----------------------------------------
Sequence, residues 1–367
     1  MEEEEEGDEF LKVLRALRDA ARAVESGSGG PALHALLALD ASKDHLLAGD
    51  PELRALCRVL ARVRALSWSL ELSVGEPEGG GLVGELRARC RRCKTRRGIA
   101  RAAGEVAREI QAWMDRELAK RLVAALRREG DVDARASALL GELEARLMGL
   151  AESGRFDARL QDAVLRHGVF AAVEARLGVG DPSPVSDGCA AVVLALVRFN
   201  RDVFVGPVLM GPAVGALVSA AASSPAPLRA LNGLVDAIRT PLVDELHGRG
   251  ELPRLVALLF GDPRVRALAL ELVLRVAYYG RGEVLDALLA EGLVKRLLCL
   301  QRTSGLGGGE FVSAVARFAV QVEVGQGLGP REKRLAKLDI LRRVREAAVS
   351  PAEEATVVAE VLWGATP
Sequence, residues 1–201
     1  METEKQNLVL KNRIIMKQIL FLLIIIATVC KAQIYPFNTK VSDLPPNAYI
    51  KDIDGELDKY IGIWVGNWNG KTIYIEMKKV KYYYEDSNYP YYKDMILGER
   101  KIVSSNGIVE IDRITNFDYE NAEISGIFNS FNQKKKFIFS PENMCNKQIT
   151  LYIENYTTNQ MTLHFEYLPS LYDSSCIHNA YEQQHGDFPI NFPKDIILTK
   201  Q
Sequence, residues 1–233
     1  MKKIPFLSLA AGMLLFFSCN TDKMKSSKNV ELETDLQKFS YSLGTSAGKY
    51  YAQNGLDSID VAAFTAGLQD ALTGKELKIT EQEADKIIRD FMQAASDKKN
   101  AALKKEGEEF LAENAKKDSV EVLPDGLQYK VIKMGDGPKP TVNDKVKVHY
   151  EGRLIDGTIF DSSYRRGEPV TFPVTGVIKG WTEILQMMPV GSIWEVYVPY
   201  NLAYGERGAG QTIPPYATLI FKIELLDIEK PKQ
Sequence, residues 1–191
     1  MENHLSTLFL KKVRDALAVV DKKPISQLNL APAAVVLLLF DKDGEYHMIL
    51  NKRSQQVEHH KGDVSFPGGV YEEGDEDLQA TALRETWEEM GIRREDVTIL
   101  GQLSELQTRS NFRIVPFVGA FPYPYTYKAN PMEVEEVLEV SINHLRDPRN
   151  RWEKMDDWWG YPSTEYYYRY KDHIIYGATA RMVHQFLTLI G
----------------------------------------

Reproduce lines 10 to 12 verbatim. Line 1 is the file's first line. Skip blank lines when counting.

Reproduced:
Sequence, residues 1–201
     1  METEKQNLVL KNRIIMKQIL FLLIIIATVC KAQIYPFNTK VSDLPPNAYI
    51  KDIDGELDKY IGIWVGNWNG KTIYIEMKKV KYYYEDSNYP YYKDMILGER